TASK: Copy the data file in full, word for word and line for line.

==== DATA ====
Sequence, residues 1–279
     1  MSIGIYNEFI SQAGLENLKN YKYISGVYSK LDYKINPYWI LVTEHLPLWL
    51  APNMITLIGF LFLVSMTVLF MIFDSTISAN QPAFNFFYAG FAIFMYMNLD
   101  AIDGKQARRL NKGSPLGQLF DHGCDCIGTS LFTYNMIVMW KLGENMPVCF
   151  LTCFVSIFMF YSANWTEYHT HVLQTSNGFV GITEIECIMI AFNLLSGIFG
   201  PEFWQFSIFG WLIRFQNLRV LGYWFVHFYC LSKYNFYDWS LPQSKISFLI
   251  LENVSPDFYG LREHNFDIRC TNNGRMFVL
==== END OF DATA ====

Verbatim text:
Sequence, residues 1–279
     1  MSIGIYNEFI SQAGLENLKN YKYISGVYSK LDYKINPYWI LVTEHLPLWL
    51  APNMITLIGF LFLVSMTVLF MIFDSTISAN QPAFNFFYAG FAIFMYMNLD
   101  AIDGKQARRL NKGSPLGQLF DHGCDCIGTS LFTYNMIVMW KLGENMPVCF
   151  LTCFVSIFMF YSANWTEYHT HVLQTSNGFV GITEIECIMI AFNLLSGIFG
   201  PEFWQFSIFG WLIRFQNLRV LGYWFVHFYC LSKYNFYDWS LPQSKISFLI
   251  LENVSPDFYG LREHNFDIRC TNNGRMFVL